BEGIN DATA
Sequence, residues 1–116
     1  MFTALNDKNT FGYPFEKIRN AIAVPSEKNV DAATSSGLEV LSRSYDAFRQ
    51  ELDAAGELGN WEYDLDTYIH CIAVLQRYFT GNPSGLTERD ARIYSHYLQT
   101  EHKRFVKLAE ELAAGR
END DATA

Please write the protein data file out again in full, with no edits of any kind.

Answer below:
Sequence, residues 1–116
     1  MFTALNDKNT FGYPFEKIRN AIAVPSEKNV DAATSSGLEV LSRSYDAFRQ
    51  ELDAAGELGN WEYDLDTYIH CIAVLQRYFT GNPSGLTERD ARIYSHYLQT
   101  EHKRFVKLAE ELAAGR